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Zb
SEG SEG
IPSEC IKE
IKE
Zb
IPS
EC EC
IPS Za
NE-2 NE-2
Zb Zb




Figure 9.5 IMS IP domain security architecture
564 RELEASE 5 AND BEYOND (ALL-IP)


number of shared secrets increases as the square of the number of domains. In this case
the use of public key cryptography and certi¬cates is a more appropriate choice.
Within the de¬nition of IPSec, support for the data encryption standard (DES) algorithm
is mandatory. With 3GPP, however, due to the perceived weaknesses in the DES transform
the advanced encryption standard (AES) must be used instead. AES is the latest US
Federal Information Processing Standard (FIPS) cipher and is speci¬ed as a replacement
for DES. It supports key lengths of 128, 192 or 256 bits.



9.5 SESSION INITIATION PROTOCOL (SIP)

SIP, as de¬ned by RFC 3261, is designed to allow multimedia sessions to be established
between users on an IP network. As well as call control, the baseline SIP RFC supports
functions such as user mobility and call redirection. As well as RFC 3261, a number of
extensions are de¬ned in supplementary RFCs and IETF drafts covering topics such as
SIP/PSTN interworking and SIP for instant messaging and presence detection. Currently
the following types of services are supported (note this list is not exhaustive):

• multimedia call establishment
• user mobility
• conference call
• supplementary services (call hold, call redirect, etc.)
• authentication and accounting
• uni¬ed messaging
• instant messaging and user presence detection.

Although SIP can provide all these services, currently R5 does not de¬ne call scenarios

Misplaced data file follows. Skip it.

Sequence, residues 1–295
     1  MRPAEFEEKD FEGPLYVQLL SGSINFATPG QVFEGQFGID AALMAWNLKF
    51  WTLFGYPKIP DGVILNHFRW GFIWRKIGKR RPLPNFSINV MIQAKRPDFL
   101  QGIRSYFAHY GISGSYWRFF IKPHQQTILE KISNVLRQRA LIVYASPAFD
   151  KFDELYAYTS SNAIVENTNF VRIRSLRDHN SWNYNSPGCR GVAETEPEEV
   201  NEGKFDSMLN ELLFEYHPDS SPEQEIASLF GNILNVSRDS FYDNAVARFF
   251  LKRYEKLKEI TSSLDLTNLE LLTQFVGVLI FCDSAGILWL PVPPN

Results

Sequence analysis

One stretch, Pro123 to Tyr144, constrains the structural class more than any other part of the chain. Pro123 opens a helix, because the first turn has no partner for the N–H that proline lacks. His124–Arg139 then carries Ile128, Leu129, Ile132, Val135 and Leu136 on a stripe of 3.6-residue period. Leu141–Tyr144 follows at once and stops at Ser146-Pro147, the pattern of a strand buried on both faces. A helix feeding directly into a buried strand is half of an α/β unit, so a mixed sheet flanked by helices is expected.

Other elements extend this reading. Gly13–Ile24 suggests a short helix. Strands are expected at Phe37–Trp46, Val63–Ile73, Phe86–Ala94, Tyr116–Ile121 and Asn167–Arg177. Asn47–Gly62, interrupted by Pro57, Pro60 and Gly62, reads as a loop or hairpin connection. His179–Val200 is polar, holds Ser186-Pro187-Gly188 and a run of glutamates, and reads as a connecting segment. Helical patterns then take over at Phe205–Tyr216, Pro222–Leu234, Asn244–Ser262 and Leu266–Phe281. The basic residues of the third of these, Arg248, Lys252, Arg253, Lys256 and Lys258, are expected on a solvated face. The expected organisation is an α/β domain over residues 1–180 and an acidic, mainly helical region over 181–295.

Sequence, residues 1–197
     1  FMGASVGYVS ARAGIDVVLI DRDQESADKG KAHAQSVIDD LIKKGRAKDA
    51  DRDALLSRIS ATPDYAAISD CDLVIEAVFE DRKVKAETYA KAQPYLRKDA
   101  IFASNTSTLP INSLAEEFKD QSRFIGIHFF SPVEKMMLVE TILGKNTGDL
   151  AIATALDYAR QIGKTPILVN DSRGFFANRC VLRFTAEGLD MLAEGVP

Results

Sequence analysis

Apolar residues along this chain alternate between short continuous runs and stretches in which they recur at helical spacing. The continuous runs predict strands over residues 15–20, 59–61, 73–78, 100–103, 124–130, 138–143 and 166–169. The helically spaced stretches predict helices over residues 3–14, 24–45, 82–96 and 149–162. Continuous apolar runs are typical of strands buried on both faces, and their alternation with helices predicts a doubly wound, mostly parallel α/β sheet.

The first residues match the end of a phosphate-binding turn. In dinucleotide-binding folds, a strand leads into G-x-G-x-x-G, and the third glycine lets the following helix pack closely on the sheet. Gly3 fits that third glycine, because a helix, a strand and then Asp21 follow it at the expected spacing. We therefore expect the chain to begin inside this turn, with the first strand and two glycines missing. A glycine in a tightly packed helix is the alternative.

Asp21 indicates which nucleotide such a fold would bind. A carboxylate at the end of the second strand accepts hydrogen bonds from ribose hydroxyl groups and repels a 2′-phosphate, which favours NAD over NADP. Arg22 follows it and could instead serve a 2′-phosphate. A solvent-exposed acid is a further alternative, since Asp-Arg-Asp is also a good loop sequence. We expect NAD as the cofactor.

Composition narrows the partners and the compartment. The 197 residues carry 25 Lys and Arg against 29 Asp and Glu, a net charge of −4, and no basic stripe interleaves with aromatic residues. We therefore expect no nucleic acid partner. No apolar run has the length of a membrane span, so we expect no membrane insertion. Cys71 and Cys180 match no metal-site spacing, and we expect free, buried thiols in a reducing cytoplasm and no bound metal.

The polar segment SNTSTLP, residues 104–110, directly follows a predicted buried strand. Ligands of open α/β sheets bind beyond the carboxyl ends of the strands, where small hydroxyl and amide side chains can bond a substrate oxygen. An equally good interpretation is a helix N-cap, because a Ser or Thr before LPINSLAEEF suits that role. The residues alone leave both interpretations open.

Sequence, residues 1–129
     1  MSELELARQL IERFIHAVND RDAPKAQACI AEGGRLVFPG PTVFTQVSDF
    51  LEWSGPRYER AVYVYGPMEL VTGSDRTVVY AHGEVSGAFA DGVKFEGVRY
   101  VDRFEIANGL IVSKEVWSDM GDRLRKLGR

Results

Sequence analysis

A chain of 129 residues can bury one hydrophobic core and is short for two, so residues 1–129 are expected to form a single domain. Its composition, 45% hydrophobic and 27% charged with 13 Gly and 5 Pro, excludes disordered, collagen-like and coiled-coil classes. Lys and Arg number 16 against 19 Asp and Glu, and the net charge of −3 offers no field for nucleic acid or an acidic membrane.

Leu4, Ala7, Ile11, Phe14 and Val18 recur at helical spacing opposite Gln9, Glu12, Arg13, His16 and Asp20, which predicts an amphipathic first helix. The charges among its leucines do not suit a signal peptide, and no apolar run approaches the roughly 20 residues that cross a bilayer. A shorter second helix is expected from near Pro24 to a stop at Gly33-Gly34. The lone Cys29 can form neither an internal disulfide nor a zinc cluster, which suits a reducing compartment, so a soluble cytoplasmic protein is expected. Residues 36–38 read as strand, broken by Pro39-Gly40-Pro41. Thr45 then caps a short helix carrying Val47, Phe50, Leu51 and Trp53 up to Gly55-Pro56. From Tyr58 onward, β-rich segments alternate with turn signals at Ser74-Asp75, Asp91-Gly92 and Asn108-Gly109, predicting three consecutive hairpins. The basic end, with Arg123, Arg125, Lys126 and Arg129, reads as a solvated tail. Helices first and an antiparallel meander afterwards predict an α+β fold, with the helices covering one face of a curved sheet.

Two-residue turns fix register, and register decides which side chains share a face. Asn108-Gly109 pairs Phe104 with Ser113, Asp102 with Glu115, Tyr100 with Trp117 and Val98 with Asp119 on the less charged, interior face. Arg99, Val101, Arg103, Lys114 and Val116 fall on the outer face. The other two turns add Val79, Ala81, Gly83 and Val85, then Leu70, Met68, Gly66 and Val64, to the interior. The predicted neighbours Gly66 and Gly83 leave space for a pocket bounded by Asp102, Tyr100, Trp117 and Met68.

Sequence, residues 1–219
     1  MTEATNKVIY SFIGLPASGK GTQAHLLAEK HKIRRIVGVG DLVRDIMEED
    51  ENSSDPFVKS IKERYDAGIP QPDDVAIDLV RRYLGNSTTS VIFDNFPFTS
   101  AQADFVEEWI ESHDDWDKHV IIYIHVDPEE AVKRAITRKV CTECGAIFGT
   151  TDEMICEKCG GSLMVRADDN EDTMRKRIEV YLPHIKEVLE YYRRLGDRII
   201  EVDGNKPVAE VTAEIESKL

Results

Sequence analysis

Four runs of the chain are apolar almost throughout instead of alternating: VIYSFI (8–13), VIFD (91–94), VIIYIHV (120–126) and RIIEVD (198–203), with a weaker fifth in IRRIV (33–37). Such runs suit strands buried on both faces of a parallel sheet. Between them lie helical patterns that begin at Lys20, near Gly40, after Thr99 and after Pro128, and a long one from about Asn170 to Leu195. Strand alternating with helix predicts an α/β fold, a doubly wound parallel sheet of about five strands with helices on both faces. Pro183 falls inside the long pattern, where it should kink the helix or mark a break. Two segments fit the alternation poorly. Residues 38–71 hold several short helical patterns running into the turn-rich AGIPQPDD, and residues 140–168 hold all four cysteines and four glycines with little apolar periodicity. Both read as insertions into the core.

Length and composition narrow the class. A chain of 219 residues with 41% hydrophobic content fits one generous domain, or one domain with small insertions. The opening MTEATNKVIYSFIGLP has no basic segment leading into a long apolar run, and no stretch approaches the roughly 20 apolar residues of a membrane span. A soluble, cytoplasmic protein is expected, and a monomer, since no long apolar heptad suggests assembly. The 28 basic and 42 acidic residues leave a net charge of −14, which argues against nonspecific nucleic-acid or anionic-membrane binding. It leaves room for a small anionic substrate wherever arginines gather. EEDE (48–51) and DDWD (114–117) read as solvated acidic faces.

for all of them. For example, multimedia conferencing will be made available as part
of R6. This, however, does not preclude an operator or vendor introducing them as a
value-added service.
The bene¬ts of SIP when moving to an all-IP architecture are as follows:

• end-to-end SIP signalling between mobile and ¬xed-line IP users;
• Internet SIP servers can provide value-added services to mobile users;
• SIP is designed as an IP protocol, therefore it integrates well with other IP protocols
and services;
• SIP is lightweight and (relatively) easy to implement.

The ¬rst point is of particular interest. As subscribers of the UMTS network start to
use services based on an IP infrastructure they may wish to communicate to ¬xed-line
Internet lines. Figure 9.6 shows an example of this. The mobile UE is participating in the
voice portion of a video call with a user using a voice or video application on a desktop.
9.5 SESSION INITIATION PROTOCOL (SIP) 565


SIP Video/VoIP call establishment

RAN

Desktop
user
IMS Internet
UE
GGSN
SGSN
RNC
WBTS
Packet Core
Uu Iu SIP application
server

Figure 9.6 End-to-end SIP signalling


The SIP application server shown in the ¬gure can be accessed by users on the Internet
or connected via the mobile network.
The use of SIP does have one potential drawback. The emulation of existing PSTN
supplementary telephony services using SIP may not provide an identical or complete
set of services. This issue has been addressed by the ITU-T with the use of the bearer-
independent call control (BICC) protocol for SS7/PS network interworking, as described